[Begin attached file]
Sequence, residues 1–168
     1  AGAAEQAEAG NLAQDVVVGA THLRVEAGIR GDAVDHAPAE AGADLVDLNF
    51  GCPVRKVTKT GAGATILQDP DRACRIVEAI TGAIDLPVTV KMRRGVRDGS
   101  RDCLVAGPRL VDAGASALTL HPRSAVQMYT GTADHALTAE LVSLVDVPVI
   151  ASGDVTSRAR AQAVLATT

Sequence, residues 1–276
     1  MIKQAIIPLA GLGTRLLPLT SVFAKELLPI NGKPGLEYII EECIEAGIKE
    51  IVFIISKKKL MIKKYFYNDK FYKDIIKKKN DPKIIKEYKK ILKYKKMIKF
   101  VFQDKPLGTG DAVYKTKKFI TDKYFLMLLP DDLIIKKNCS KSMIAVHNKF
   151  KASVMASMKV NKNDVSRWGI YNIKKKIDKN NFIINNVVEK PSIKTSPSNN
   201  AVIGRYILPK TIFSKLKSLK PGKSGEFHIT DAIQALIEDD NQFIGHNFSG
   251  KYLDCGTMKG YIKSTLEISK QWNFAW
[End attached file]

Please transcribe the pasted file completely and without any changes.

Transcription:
Sequence, residues 1–168
     1  AGAAEQAEAG NLAQDVVVGA THLRVEAGIR GDAVDHAPAE AGADLVDLNF
    51  GCPVRKVTKT GAGATILQDP DRACRIVEAI TGAIDLPVTV KMRRGVRDGS
   101  RDCLVAGPRL VDAGASALTL HPRSAVQMYT GTADHALTAE LVSLVDVPVI
   151  ASGDVTSRAR AQAVLATT

Sequence, residues 1–276
     1  MIKQAIIPLA GLGTRLLPLT SVFAKELLPI NGKPGLEYII EECIEAGIKE
    51  IVFIISKKKL MIKKYFYNDK FYKDIIKKKN DPKIIKEYKK ILKYKKMIKF
   101  VFQDKPLGTG DAVYKTKKFI TDKYFLMLLP DDLIIKKNCS KSMIAVHNKF
   151  KASVMASMKV NKNDVSRWGI YNIKKKIDKN NFIINNVVEK PSIKTSPSNN
   201  AVIGRYILPK TIFSKLKSLK PGKSGEFHIT DAIQALIEDD NQFIGHNFSG
   251  KYLDCGTMKG YIKSTLEISK QWNFAW